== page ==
Meanwhile NEA worked harder to build ties to black and Latino advocacy groups. The big winner this year was the Schott Foundation for Public Education, which has long ago abandoned its once-powerful work on how the education crisis damaged the futures of young black men. Through its Opportunity to Learn Fund, Schott picked up $300,000, or as some can say, a lot of chicken wing money. The dollars from NEA (as well as from AFT, which poured $180,000 into the foundation and into Opportunity to Learn) explain why Schott President John Jackson has become such an enthusiastic backer of the effort by the Big Two to roll back the No Child Left Behind Act’s accountability provisions. NEA gave a considerably smaller $25,000 to NAACP, which has been as ineffective on education policy for traditionalists as it was for the Bill & Melinda Gates Foundation (which gave $1 million to the outfit in 2011 for a policy agenda that it never rolled out, as well as participation in the now-moribund Campaign for High School Equity).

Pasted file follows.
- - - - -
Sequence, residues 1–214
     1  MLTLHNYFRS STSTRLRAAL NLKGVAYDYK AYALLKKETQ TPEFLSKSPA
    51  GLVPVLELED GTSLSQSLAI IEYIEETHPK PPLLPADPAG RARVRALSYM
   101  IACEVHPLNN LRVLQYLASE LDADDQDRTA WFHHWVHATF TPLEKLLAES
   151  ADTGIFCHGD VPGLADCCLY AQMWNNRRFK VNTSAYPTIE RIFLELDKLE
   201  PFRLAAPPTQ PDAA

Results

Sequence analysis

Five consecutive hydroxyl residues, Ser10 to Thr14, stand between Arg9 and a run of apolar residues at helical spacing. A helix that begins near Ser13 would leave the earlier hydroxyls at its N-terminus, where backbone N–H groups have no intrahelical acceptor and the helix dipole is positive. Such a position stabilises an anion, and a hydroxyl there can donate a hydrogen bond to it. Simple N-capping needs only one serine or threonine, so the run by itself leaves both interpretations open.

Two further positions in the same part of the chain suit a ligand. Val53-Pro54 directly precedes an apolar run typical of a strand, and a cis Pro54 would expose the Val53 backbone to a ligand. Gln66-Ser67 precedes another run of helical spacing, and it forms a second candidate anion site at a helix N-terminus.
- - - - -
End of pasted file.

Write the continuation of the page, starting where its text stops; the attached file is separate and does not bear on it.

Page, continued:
The NEA gave $120,400 to the Congressional Black Caucus Foundation, while giving $50,000 to the Congressional Hispanic Caucus Institute. The union also gave $30,000 to the Board of Hispanic Caucus Chairs; $25,300 to NALEO’s education fund; $15,000 to National Council of La Raza; $15,000 to the National Hispana Leadership Institute; $10,000 to MALDEF; and $7,500 to the National Hispanic Caucus of State Legislators. A new NEA vassal is the Mi Familia Vota Education Fund, which is working in six states with La Raza, the Service Employees International Union, and NALEO on organizing Latinos to become citizens and voters; it picked up $50,000 from the union this past year. Given that new NEA President Lily Eskelsen Garcia likes to play upon her Latina heritage, expect the union to pour more money into reaching those communities. As part of the union’s play on immigration reform, it gave $50,000 to the National Immigration Law Center.